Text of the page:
The County of San Diego violated the Subdivision Map Act by approving residential development of land restricted to agricultural use under the Williamson Act when the development was neither closely related to nor necessary for agricultural use. Cleveland Nat. Forest Foundation v. County of San Diego, 37 Cal. App. 5th 1021 (2019).

Genesee Properties,

The Sixth District Court of Appeal has given a boost to utility-scale solar projects by rejecting the types of Williamson Act and CEQA challenges that are often brought against those projects.  Save Panoche Valley v. San Benito County, No. HO37599 (6th Dist. June 25, 2013).

The case concerns the Panoche Valley Solar Farm, a solar photovoltaic facility in San Benito County.  The project site has been used primarily for cattle grazing, and most of it was under Williamson Act contracts.  The county approved a reduced-scale 399-MW alternative designed to mitigate the environmental impacts of the project as proposed.  Not satisfied, three local groups — Save Panoche Valley, the Audubon Society and the Sierra Club — sued to challenge the approvals.  The court of appeal rejected each of their claims.

Need For Renewable Energy Supported Cancellation Of Williamson Act Contract In The Public Interest. 

The Williamson Act was designed to protect farmers from the economic pressures of encroaching development.  In exchange for entering into a contract with the city or county restricting the property to agricultural uses, the landowner is taxed on the agricultural value of the land, rather than the fair market value (which often accounts for development potential).  A contract must have an initial term of ten years, and an additional year is automatically added every year unless one of the parties gives notice the contract will not be renewed.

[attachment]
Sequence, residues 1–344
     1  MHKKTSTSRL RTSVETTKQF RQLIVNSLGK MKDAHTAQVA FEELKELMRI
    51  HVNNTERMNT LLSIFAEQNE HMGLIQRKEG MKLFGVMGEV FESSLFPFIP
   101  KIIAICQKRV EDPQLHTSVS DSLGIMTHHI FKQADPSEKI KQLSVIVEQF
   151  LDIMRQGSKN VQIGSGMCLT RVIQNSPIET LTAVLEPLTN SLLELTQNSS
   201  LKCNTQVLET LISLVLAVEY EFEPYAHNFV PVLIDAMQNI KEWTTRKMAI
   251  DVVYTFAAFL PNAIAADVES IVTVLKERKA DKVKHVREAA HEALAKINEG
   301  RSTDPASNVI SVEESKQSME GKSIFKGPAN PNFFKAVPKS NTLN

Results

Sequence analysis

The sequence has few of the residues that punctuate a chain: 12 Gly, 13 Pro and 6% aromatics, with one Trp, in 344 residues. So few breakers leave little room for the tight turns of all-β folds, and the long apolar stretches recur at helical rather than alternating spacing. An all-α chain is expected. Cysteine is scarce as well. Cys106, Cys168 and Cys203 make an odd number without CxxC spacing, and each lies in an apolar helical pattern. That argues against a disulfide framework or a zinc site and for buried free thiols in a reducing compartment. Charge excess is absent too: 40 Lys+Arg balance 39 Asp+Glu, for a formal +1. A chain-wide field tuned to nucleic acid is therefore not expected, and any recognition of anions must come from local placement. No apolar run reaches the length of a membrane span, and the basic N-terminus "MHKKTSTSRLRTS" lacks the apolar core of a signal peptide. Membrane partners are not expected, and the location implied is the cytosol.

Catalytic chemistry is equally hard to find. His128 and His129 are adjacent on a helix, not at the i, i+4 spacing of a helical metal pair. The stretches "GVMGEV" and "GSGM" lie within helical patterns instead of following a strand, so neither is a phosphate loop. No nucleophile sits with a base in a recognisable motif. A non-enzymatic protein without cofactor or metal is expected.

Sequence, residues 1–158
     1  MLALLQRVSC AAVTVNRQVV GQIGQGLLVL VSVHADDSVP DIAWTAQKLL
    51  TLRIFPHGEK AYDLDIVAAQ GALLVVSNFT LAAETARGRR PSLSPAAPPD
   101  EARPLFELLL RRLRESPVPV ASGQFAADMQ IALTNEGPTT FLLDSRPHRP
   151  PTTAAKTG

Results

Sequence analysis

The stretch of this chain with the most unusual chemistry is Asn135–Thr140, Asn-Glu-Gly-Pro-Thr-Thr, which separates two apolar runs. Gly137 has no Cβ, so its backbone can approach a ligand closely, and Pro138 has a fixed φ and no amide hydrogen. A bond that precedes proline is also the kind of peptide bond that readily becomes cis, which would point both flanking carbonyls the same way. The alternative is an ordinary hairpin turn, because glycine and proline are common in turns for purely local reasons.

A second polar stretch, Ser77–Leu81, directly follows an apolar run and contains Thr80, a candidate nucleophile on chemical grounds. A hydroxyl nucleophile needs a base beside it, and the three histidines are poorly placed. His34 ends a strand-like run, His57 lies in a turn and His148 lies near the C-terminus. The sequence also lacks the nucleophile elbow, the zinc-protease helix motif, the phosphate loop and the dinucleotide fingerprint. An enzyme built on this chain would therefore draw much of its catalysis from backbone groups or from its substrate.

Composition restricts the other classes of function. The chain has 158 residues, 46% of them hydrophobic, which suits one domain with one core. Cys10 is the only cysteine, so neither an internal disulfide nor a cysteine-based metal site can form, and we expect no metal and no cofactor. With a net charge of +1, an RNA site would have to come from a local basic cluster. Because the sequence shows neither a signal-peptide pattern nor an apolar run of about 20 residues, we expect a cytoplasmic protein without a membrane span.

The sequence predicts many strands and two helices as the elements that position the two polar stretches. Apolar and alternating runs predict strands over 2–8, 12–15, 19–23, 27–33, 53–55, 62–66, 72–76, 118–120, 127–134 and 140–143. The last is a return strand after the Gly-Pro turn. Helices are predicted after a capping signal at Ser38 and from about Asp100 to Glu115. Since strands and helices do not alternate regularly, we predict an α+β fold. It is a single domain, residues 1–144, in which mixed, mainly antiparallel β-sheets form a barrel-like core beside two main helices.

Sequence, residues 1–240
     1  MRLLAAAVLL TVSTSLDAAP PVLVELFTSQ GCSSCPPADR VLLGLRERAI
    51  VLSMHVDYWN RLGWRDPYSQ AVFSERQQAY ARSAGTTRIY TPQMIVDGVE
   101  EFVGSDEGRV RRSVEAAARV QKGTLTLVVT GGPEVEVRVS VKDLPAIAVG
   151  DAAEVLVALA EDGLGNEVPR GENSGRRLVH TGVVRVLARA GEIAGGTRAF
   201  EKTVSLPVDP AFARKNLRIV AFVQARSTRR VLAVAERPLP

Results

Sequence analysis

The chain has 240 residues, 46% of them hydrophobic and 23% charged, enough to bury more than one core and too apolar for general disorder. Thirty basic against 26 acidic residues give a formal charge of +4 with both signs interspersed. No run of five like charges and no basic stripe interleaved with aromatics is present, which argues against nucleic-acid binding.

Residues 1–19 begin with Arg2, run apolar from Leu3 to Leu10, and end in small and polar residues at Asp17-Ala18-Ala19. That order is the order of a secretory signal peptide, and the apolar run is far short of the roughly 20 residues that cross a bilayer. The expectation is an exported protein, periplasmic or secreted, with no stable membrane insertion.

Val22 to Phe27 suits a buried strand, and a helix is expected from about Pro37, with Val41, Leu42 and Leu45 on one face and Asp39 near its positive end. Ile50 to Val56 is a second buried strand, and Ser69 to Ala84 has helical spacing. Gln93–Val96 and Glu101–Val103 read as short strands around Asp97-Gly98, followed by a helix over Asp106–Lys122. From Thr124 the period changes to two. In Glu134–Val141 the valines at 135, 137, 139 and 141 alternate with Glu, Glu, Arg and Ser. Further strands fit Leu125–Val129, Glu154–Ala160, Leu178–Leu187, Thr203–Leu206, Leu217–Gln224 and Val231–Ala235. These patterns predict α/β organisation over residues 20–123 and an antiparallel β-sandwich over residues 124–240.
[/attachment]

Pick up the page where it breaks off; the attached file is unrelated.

Contracts may also be cancelled at any time, provided either the cancellation is consistent with the purposes of the Williamson Act or the cancellation is in the public interest.  The county cancelled the Panoche Valley contracts on public interest grounds.  A public interest cancellation requires two separate findings: (1) other public concerns substantially outweigh the objectives of the Williamson Act and (2) there is no proximate noncontracted land that is available and suitable for the proposed use, or development of the contracted land would provide more contiguous patters of urban development.

Citing the Global Warming Solutions Act of 2006 and the Renewables Portfolio Standard requirements enacted by the State Legislature, the court had little trouble concluding the county’s finding that the public interest in renewable energy outweighed the purpose of the Williamson Act was supported by substantial evidence.  “Though completion of the solar project by itself will not fulfill the state’s renewable energy goals, each additional renewable energy project helps the state advance toward meeting the requirements of the RPS.”

The court then addressed the county’s finding there was no proximate noncontracted land suitable for the proposed use and again found substantial evidence supporting the county’s determination.  It noted that “proximate” land under the Williamson Act means “property close enough to the restricted parcel to serve as a practical alternative for the proposed use.”  The court rejected the opponents’ claim that another potential solar project site was a proximate alternative.  There was evidence before the county showing the alternative was located approximately 60 miles away, in two different counties, was itself encumbered by Williamson Act contracts, and did not appear to be available in any event

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